It doesn’t matter whether you extrude blown or cast film, sheet, pipe, profiles, or foam—the K 2001 show held something exciting and unexpected that will open your eyes to new possibilities.
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An energy-saving extruder from the University of Paderborn, Germany, has a stubby barrel with spiral grooves and no heater bands.
The University of Erlangen-Nurnberg’s “self-reinforcing” extrusion alternates stretched (vertical) and compressed (horizontal) crystalline structures to turn soft plastic stiff.
Reinert-Ritz, a German profile extruder, broke a world record with its 35-in.-diam. solid rod of HDPE. The previous record was 27-in. diam.
For the first time at a show, W&H ran a three-layer blown film line with tandem air rings that raise output by 60%.
It doesn’t matter whether you extrude blown or cast film, sheet, pipe, profiles, or foam—the K 2001 show held something exciting and unexpected that will open your eyes to new possibilities. A brand-new kind of energy-saving extruder was just a start. There was also a new extrusion process that can make stiff or flexible products (or both) from the same PE resin.
Other news included extrusion of ceramic micro-tubes and giant rods of 3 ft diam. Simultaneous coextrusion of crosslinked PE with barrier resins was also shown, as was a pipe die that switches from one to two layers. For cast film and sheet, a “markless” hauloff drive uses toothless “gears.” Foam PVC sheet widths have stretched almost to 10 ft, and PE/PS foam coextrusion is now possible. In blown film, bristled rollers handle film gently, while segmented air flow now controls gauge both inside and outside the bubble.
A new extruder concept isn’t something you see every day or at every trade show. At the preceding K’98 exhibition, Nextrom’s cone extruder made a dramatic first appearance. This unusual technology replaced a screw with a grooved spinning cone. At K 2001, another revolutionary extrusion concept was shown for the first time, but without commercial fanfare. It was developed and displayed by the University of Paderborn, Germany. It’s a stubby, 6:1 L/D extruder that runs at up to 700 rpm, versus up to 300 rpm for a typical single screw. It’s said to be extremely energy efficient because it melts plastic so rapidly that no heater bands are required on the barrel. Because the extruder is so compact, applications could include coextrusion where space is constrained.
The back end of the screw looks like a conventional conveying section. But after only two turns, the root diameter quickly expands almost to the full width of the barrel, effectively creating a barrier flight, after which, the remaining 4D consist of narrow, tightly spiraled flights.
Essential to the screw’s plastication and dispersion functions are spirals cut into the inside of the barrel in a direction opposing the spiral flights in the screw. The barrel starts with a grooved feed throat, then has a smooth bore over the conveying flights and a spiral groove over the last 4D (see photo).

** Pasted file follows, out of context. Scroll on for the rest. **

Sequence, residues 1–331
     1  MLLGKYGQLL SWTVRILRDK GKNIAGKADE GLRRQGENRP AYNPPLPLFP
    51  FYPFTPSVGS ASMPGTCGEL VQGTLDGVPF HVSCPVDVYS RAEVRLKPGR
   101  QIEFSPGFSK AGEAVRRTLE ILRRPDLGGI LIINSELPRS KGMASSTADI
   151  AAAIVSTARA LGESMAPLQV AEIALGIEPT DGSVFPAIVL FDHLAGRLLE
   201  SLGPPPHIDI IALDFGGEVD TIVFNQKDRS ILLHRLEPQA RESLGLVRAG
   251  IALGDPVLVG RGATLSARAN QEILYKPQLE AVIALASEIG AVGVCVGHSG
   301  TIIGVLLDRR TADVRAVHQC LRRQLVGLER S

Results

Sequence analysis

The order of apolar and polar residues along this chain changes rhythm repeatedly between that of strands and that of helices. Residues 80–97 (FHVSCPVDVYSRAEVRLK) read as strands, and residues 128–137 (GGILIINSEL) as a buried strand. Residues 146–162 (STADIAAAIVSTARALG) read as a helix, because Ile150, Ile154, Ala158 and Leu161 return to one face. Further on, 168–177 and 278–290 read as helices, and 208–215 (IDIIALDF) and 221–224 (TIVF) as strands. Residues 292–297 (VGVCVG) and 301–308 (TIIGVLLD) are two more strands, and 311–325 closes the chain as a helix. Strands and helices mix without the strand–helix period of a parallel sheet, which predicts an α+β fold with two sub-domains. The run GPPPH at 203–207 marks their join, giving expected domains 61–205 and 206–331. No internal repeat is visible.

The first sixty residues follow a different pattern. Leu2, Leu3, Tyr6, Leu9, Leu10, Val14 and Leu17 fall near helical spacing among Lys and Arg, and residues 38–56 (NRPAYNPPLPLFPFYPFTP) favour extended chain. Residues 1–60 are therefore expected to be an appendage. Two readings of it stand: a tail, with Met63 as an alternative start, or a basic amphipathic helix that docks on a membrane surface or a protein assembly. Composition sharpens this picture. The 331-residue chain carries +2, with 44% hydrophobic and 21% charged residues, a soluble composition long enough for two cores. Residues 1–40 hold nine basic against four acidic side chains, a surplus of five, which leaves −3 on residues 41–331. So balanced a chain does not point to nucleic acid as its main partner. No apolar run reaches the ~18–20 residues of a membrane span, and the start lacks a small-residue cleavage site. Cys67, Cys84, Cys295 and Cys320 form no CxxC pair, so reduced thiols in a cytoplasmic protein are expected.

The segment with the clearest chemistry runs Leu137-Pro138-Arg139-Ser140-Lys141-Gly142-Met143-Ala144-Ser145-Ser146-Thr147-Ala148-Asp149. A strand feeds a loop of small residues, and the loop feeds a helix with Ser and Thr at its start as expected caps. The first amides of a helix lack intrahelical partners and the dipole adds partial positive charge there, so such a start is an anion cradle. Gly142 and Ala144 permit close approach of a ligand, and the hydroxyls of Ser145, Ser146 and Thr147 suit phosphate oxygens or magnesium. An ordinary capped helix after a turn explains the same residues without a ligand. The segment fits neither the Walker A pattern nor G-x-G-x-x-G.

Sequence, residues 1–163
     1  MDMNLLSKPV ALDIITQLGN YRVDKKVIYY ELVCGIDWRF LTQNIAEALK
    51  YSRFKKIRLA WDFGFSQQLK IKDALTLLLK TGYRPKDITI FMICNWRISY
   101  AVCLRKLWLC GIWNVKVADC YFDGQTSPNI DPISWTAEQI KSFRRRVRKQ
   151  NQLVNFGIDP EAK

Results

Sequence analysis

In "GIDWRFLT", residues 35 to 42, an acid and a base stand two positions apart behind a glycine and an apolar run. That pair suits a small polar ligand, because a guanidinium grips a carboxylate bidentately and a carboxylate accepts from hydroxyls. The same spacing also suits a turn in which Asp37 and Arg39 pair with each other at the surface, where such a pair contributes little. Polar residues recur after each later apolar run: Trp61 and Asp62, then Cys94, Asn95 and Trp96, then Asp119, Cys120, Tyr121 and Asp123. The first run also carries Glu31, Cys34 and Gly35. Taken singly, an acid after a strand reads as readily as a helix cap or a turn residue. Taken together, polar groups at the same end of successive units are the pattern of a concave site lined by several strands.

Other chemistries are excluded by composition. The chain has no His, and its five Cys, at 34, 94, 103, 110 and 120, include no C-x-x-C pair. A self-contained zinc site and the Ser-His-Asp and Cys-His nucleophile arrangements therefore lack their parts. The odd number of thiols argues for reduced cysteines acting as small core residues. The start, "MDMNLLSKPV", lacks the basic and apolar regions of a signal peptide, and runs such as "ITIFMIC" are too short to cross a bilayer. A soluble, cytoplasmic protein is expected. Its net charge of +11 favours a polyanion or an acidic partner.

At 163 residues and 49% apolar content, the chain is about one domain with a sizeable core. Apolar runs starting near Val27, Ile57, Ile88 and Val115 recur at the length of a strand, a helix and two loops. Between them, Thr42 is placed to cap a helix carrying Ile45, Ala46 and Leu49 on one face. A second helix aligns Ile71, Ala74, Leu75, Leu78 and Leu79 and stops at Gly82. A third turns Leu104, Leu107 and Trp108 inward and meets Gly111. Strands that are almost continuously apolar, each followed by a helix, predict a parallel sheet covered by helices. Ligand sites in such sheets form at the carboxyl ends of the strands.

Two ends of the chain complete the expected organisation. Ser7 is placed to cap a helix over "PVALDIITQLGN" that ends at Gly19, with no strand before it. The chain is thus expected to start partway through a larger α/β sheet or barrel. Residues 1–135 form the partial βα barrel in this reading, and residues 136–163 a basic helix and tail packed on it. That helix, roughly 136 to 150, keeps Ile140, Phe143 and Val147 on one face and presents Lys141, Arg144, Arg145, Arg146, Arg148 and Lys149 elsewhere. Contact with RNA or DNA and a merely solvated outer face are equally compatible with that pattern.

The device is still in early development and the university seeks backing from big machine builders. Krauss-Maffei and Reifenhauser each holds a related patent and has expressed interest in supporting the research, the university says, but there is no formal agreement yet.
Meanwhile, Nextrom’s Conex technology was spun off last year into a separate development company, Conex Technologies S.A., now housed at the university of Lausanne, Switzerland. It is also seeking new investors. Up to now, the cone extruder has been used only by its original developers—Nextrom, Uponor, and NK-Cables—for pipe and fiber optic cable coating. Last August, the first unit was sold to an outside customer—Nexans, a wire and cable maker in Nurnberg, Germany.
The K show brought an unexpected trove of new pipe and profile technologies. A novel “self-reinforced extrusion” process for medical profiles, introduced by the University of Erlangen-Nurnburg, Germany, makes soft or stiff products from the same resin or can alternate soft and hard sections in an extrudate. The university showed samples of stiff and flexible rods made of the same HDPE, one self-reinforced, the other not.
The process uses a conventional single-screw extruder and no special additives. It creates a crystalline structure that alternates micro-segments of flow-induced nucleation with segments of pressure-induced nucleation. Flow-induced nucleation is done by accelerating extensional flow that stretches plastic molecules into rod-shaped crystalline structures. Pressure-induced nucleation does the opposite, creating a compact crystalline structure.
The result is a profile with up to 14 times higher modulus. Haul-off speed is slow: only 2 to 8 in./min., depending on profile dimensions. But since the first target project is a small medical catheter, output isn’t a big issue. The goal is to replace current catheter tubes made using metal inserts and multilayer or sequential coextrusion with a dual-durometer tube made seamlessly of one resin.